Early Russia’s foremost cultural and art centre, Novgorod was first mentioned in a scripture in 859. For the many centuries ever since Novgorod produced a large artistic school and preserved numberless monuments of the 11th-17th-century architecture, along with artistically outstanding works of early monumental painting. Novgorod remained unconquered throughout the hard times of Tartar invasion, so that its cultural monuments and artistic traditions survived until to-day. This explains the city’s special significance in Russian art.
Grandeur and huge dimensions are typical of the architecture of the princely period, its greatest achievements being the most ancient structure in Northern Russia, St Sophia of Novgorod (1045-1052), the city’s principal cathedral, as well as the Cathedral of St Nicholas on the Yaroslavovo Dvo-rische [Stead] (1113), the Cathedral of the Nativity of the Virgin (1117) in the Antoniev Monastery and the Cathedral of St George in the Knyazhy Yuriev Monastery (1119); they are perfectly characteristic examples of the early Novgorod School in architecture.
Since the dawn of the 12th century and up to 1478 in which year it joined Moscow, Novgorod remained a Vetche Medieval Republic (governed by popular assembly), its architecture unusually rich in outstanding architectural monuments. Although less representative in their design of the
Novgorod style, the cathedrals of St Nicholas on the Lipna (1292), of the Dormition on the Volotovo Field (1352), of the Nativity in the Perynsky Hermitage (late 12th-early 13th century) marked the milestones of progress in creative architectural thinking of those architects whose credo, expressive and magnificent, was made clear in these works.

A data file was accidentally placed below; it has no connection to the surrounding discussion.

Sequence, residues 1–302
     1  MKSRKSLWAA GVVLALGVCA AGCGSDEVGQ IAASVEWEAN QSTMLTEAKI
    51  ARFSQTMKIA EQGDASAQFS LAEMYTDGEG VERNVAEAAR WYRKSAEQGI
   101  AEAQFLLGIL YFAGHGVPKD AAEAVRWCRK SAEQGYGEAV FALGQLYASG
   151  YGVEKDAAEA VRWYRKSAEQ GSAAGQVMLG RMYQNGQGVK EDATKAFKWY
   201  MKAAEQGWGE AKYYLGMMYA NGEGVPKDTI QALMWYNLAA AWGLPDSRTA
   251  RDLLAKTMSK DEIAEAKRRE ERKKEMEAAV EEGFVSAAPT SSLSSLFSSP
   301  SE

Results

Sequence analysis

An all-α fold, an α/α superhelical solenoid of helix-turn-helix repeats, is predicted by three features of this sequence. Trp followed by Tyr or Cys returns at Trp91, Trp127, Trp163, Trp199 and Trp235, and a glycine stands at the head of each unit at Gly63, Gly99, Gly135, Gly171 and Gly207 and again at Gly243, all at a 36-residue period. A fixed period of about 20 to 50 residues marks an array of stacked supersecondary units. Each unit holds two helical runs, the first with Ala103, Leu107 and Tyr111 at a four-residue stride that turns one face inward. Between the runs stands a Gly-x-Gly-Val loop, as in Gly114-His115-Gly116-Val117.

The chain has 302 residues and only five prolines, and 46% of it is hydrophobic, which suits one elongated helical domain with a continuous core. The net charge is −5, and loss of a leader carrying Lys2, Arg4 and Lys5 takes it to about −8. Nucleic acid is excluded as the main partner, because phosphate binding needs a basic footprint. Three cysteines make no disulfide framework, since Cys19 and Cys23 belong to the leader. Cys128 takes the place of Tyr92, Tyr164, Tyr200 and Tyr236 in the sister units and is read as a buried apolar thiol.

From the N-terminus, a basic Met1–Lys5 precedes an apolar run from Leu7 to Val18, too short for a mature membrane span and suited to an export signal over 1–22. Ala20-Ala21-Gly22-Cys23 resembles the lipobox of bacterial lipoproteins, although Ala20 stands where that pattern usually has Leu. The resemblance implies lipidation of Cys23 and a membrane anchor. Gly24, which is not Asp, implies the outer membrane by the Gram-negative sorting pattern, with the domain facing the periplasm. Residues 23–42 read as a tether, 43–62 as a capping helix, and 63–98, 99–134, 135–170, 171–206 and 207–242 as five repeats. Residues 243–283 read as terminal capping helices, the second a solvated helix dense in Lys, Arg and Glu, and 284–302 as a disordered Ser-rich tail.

Full of intimacy and a special charm, these monuments constituted a significant stage in the shaping out of the classical Novgorod temple style dating back to the period of blossoming of architecture in the Vetche Novgorod Republic. The Cathedral of St Theodore Stratilates-on-Ruchei, an earlier but perfect example of this temple style, was an embodiment of the achievements of earlier Novgorod architects and a model for many later temples, each of them showing some individual architectural characteristics. Of the latter cathedrals the Cathedral of the Transfiguration on Ilyina Street (1374), with its unique frescoes executed by Theophanes the Greek, stands out for the fine decor of its facades.
The Novgorod period in art, with its monumental architecture and 11th-16th-century painting, was an important development in All-European culture, whose national idiom was dazzling, and the imagery superb in terms of being laconic, expressive and artistically complete.